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Police Accident Reports Not Enough for Determining Fault

By February 20, 2013Trucking Accidents

The president of Collision Specialists Inc., Jeffrey Kidd, spoke to a Compliance, Safety, Accountability (CSA) subcommittee  of the Motor Carrier Safety Advisory Committee (MCSAC) recently regarding whether or not police accident reports are reliable in determining fault in trucking accidents. According to the accident reconstruction specialist, “[p]olice accident reports are not reliable enough to determine who’s at fault in truck crashes.” Kidd went on to tell the panel that “even when the reports are 100% accurate, they are not reliable as a stand-alone source,” according to an article on the Truckinginfo website.

In addition, Kidd says the commercial truck workload is too excessive for the number of officers available and even those officers don’t have adequate training. Kidd would know as, prior to starting his accident investigation firm, he was a Georgia state trooper.

Reportedly, the subcommittee is developing recommendations for the MCSAC panel and then later this year the panel will report to the Federal Motor Carrier Safety Administration. Though the agency is under no obligation to accept the committee’s recommendations, the group has reportedly become important in the agency’s process, as it is made up of representatives from safety enforcement, the safety advocacy community, and industry.

According to Kidd, not enough officers are certified North American Standard inspectors. Furthermore, he says that initial commercial vehicle crash training does not cover vehicle configurations, conspicuity, braking, licensing, or hours of service. This can lead to major problems in a fault investigation. For example, if an investigator has not received training on electronic control module technology, he or she could inadvertently erase critical data by moving the vehicle. A lack of funding means that some states don’t have enough money for measuring devices, cameras, or specialized training, which could also hamper an investigation. In addition, while a thorough investigation can take hours, state incentive programs encourage officers to expedite the clearing of the road.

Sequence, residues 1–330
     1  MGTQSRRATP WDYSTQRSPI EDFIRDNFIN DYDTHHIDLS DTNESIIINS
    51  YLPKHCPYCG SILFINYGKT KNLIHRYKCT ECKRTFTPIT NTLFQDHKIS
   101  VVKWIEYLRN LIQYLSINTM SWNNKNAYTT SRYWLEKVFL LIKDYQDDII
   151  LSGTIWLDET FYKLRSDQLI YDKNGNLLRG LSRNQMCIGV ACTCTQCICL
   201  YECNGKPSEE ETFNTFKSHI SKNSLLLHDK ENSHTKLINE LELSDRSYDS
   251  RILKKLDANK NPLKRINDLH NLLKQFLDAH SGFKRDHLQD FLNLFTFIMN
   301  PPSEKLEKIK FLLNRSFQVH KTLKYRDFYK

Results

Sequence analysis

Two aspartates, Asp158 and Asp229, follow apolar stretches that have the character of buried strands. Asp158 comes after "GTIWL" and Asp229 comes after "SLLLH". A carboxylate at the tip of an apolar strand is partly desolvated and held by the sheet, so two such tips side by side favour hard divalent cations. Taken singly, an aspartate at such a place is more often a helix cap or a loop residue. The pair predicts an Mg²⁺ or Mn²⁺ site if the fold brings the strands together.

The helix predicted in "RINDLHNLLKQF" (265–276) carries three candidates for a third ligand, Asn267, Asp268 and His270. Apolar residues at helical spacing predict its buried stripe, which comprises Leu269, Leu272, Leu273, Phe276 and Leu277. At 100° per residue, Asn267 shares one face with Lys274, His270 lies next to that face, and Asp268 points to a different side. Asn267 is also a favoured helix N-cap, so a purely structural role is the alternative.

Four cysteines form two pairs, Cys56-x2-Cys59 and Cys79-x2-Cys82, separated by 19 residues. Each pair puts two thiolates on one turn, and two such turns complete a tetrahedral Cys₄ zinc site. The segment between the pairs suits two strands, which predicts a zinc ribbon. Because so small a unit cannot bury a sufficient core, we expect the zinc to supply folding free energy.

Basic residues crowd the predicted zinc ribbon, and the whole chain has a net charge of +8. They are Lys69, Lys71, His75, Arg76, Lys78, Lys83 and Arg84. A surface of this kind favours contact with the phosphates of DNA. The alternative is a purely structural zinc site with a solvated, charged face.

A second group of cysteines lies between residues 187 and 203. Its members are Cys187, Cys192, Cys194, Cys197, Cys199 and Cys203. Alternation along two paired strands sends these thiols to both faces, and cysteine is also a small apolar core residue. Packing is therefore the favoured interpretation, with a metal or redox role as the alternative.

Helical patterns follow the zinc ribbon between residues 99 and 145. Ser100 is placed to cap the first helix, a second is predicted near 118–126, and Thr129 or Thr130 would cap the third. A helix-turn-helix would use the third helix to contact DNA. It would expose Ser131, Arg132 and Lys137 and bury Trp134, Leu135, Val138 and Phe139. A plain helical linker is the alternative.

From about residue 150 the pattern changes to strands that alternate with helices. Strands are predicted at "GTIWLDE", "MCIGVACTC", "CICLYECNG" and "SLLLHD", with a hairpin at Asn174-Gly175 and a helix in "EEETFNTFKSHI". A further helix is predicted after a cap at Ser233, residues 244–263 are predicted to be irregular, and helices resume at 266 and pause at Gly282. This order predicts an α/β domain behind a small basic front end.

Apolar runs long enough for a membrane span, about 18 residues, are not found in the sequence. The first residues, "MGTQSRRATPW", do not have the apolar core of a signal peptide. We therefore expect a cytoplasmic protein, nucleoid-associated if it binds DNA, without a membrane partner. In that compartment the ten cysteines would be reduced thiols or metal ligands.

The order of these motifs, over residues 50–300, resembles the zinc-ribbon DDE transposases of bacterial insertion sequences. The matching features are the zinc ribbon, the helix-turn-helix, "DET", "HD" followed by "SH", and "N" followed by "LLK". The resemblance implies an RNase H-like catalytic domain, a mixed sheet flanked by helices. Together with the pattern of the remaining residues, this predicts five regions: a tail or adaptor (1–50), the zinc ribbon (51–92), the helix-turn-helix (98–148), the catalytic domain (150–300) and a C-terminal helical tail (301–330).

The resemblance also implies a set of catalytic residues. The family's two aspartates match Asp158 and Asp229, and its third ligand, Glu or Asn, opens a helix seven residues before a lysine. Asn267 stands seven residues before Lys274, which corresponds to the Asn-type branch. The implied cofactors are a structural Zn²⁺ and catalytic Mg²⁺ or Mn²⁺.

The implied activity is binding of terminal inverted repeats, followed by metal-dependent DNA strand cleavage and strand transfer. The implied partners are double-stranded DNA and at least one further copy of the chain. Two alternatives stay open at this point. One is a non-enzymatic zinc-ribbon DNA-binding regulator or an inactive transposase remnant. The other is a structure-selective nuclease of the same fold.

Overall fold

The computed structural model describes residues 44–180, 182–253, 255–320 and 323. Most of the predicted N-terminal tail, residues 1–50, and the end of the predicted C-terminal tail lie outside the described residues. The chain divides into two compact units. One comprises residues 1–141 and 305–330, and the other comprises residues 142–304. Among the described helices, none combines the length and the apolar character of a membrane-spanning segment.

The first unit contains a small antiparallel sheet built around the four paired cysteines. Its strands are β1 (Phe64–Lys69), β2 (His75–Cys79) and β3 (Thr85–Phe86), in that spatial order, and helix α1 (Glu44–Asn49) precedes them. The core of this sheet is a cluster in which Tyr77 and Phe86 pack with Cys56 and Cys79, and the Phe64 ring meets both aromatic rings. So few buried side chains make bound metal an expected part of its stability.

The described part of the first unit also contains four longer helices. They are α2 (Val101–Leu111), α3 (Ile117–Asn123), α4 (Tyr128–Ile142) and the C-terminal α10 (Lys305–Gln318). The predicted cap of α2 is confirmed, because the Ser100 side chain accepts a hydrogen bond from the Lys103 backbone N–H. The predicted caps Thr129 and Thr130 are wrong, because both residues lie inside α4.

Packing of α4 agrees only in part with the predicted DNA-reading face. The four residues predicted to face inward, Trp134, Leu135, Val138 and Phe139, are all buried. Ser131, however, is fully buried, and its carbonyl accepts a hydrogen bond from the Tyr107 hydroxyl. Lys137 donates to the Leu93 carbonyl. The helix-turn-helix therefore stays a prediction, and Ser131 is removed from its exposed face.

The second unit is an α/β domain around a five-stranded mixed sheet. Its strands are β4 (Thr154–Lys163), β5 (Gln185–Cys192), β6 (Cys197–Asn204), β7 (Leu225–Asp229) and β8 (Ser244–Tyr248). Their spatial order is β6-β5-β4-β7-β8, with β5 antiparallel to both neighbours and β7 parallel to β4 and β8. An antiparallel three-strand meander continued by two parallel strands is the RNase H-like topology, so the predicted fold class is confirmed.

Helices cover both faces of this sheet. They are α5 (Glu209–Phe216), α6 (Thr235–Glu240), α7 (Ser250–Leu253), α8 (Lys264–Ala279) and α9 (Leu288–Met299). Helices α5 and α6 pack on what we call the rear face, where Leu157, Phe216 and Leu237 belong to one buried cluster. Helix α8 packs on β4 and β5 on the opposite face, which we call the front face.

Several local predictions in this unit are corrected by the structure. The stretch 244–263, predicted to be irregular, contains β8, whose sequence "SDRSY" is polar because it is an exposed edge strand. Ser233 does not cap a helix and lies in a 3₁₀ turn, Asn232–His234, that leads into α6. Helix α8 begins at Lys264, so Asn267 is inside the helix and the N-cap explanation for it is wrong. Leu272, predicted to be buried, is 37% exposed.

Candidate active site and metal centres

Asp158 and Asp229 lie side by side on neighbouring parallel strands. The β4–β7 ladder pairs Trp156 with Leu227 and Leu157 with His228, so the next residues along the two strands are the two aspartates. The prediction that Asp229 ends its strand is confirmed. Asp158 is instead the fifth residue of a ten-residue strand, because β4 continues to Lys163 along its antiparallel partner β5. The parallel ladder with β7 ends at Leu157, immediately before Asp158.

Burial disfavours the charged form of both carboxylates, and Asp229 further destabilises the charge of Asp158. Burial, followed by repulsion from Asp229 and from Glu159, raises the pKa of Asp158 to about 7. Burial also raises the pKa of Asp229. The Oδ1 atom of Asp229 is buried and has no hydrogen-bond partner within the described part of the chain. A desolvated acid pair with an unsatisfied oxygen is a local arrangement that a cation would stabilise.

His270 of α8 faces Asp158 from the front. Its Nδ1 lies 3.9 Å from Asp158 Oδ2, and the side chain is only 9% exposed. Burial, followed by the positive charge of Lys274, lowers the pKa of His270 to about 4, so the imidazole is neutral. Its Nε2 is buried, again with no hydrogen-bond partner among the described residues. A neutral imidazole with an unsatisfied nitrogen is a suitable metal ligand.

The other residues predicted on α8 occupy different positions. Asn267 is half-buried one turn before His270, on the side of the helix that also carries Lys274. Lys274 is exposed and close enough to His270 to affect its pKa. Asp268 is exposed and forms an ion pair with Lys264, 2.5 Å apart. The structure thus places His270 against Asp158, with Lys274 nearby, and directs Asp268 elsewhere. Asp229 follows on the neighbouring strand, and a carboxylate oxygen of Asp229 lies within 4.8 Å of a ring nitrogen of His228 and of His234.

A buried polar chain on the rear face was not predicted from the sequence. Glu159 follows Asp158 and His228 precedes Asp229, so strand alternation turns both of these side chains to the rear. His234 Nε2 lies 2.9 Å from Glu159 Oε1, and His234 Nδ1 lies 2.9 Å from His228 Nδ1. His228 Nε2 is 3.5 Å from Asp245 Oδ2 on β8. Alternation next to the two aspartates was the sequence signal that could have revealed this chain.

It is for these reasons that motorists hurt in trucking accidents should contact an attorney who specializes in trucking accidents immediately. An investigation must begin as soon as possible so that crucial data about who was at fault can be collected before it is lost. The purpose of the CSA’s Safety Measurement System is to rate and compare crash histories of truck carriers, but currently the agency’s CSA data does not identify fault in trucking accidents. The agency, reportedly, wants to determine whether or not the benefits of determining accountability justify the costs of doing so. Until a decision is made, however, determining fault may be left to the diligence of a skilled trucking accident attorney.